When Sleeper released his first EPs for his own imprint Crucial Recordings last year, it seemed obvious that the label was not simply meant as another outfit for the UK producer to publish music on. The music presented on these first few EPs displayed an evolution in his style, towards something more introspective sounds that can be heard in different contexts. This trend was still reflected by his “Burn Finger” EP from earlier this year, as well as in the records from other artists the label has released since its ignition, which all feel carefully selected and meticulously composed.
The imprint’s seventh release sounds like another step in this direction, with four tracks that seem to have been specifically written to work together, listened as a whole that makes musical sense. This is especially true of the A-side, whose two tracks could almost be considered as two parts of a single tune – even though they’re clearly different, the succession of those two tracks feels flawless. More generally though, the length of the tracks – all of them being between 3:30 and 4 minutes long – as well as their overall atmosphere, which is as strangely soothing as it is menacing, allow this EP to form one very cohesive listen.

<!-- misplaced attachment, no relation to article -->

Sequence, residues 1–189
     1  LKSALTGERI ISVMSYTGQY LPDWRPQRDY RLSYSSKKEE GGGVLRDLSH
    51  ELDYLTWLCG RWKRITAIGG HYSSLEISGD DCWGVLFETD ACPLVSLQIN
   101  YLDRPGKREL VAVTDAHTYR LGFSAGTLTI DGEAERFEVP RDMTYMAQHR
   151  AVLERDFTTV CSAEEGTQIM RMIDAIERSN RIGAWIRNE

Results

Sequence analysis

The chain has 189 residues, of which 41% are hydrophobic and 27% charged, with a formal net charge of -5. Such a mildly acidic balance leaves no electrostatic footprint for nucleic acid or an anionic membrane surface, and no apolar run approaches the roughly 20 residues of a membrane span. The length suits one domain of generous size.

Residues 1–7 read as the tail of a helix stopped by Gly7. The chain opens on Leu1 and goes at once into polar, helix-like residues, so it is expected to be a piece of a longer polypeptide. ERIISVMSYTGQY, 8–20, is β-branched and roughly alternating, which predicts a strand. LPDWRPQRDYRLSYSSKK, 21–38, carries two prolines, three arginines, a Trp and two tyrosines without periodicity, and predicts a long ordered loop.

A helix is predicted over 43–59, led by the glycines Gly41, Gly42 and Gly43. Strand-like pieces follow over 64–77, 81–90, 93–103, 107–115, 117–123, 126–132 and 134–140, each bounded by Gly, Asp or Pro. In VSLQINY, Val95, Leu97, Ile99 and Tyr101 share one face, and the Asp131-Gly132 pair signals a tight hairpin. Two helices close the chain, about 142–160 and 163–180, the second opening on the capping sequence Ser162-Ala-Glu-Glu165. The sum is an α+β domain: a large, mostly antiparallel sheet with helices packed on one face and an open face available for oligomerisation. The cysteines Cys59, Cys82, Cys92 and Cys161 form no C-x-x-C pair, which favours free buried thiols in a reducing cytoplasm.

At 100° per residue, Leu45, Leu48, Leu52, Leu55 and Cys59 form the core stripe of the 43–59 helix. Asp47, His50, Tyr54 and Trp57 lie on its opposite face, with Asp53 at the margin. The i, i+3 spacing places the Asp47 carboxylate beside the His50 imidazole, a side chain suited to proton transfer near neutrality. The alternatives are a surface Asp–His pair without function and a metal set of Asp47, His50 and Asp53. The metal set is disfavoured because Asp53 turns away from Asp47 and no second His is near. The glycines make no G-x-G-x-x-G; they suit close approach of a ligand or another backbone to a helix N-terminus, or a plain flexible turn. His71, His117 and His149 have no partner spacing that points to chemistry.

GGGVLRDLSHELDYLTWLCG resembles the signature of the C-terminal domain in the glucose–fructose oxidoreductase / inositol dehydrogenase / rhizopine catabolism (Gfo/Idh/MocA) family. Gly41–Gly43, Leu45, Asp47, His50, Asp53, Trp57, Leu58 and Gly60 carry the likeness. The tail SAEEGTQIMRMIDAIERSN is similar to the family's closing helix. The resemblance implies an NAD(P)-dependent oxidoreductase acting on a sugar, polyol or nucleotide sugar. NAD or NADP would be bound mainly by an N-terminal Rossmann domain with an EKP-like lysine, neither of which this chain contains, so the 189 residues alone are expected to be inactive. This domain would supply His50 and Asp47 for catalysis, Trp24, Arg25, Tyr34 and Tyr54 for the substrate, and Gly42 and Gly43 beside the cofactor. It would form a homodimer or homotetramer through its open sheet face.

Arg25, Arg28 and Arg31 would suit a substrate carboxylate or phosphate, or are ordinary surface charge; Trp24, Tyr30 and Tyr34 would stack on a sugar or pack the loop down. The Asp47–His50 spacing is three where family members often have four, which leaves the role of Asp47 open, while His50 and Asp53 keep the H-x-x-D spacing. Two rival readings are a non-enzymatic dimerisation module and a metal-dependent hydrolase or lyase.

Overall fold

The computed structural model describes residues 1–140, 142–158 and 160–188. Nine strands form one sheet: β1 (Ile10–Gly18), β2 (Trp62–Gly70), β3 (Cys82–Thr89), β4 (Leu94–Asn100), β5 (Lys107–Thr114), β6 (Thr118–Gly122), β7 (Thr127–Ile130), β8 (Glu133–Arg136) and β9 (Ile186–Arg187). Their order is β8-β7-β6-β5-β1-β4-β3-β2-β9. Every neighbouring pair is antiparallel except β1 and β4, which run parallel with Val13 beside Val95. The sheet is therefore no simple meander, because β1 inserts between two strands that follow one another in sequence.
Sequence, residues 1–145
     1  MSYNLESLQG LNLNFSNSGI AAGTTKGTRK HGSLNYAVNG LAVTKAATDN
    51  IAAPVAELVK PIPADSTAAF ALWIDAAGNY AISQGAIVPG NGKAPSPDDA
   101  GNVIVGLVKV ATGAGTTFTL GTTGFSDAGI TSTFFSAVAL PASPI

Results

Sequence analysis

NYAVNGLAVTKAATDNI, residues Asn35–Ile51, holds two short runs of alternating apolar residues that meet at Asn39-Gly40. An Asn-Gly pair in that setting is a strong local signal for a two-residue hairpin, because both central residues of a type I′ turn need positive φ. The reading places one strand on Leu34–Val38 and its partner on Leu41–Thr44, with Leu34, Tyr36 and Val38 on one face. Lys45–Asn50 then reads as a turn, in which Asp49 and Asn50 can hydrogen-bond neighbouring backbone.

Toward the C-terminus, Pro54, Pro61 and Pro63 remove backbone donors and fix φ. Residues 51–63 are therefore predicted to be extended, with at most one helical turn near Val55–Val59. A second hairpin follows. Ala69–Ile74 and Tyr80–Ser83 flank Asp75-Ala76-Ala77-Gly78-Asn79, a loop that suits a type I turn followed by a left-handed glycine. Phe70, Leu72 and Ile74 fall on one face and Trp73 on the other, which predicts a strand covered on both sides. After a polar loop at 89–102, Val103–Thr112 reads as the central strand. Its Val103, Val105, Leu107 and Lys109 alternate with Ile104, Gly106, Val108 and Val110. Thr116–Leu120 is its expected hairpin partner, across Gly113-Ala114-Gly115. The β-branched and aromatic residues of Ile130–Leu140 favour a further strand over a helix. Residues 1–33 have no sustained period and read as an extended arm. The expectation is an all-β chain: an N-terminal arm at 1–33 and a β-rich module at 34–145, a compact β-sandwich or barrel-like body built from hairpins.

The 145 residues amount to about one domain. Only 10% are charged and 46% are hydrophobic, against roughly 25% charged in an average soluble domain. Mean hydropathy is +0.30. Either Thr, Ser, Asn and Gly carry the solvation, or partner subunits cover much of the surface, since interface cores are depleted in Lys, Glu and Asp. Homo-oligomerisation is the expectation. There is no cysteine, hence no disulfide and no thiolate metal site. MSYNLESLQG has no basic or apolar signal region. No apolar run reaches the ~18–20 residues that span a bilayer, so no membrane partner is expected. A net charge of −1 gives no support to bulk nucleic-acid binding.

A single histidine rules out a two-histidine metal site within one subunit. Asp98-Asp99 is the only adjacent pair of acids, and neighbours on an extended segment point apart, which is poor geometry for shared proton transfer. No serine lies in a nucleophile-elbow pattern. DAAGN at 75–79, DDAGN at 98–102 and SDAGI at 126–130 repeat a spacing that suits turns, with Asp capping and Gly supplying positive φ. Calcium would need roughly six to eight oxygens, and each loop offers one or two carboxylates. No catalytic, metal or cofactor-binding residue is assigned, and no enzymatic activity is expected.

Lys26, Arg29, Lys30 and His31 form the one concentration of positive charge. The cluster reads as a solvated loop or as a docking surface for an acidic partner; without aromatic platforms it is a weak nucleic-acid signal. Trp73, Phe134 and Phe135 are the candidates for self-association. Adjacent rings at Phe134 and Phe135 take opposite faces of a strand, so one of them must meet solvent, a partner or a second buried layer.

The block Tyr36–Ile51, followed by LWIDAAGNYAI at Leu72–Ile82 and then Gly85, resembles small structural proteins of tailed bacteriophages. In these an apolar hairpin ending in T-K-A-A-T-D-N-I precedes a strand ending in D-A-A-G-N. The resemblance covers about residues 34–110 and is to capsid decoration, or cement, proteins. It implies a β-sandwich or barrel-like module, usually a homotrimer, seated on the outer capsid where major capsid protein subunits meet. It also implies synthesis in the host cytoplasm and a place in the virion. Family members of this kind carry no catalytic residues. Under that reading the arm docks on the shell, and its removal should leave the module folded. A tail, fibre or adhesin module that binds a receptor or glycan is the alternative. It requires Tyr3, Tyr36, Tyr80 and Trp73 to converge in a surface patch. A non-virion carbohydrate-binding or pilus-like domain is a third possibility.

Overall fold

Opener “Girl Scout Cookies” sets the pace with style, its looped guitar tones and repetitive patterns melting to introduce us to the ambiance of the EP. As the track vanishes, things get darker with “Akai Headbutt”’s piano notes and inverted sounds. The tune adds a psychedelic element to the style that Sleeper draws for, carried by mystic synths that act as a counterpoint to the track’s ominous, distorted bassline. With its subtle samples and hidden details, “Akai Headbutt” almost feels cinematic, drawing another part of a larger story.
The two remaining tracks do not depart from this scheme. “Crushin” uses similar sounds, as Sleeper arranges them to develop yet another twist on the theme of the EP: though it is as dark as its predecessor, “Crushin” also seems more ethereal. The track’s main theme is repeated throughout, as an hypnotic loop that still feels just as present whenever it is cut by one of the tune’s many bridges or silences. The closer, “Ghosts”, rounds things off with another narcotic pattern which seems to echo “Girl Scout Cookies”’ guitar from a distance.
Once “Ghosts”’ final tones eventually dissolve into silence, it seems hard not to admit that the Crushin EP is an impressive listen – one that further cements Sleeper’s place in the dubstep scene. Crucial’s seventh release evidences the label’s founder’s sound design skills, with subtle details permeating throughout its different parts and sounds that always seem perfectly in their place, as well as his ability to use them to create a greater whole. Crushin is another step forward for both Sleeper and Crucial Recordings, and should prove to become a landmark in both their discographies.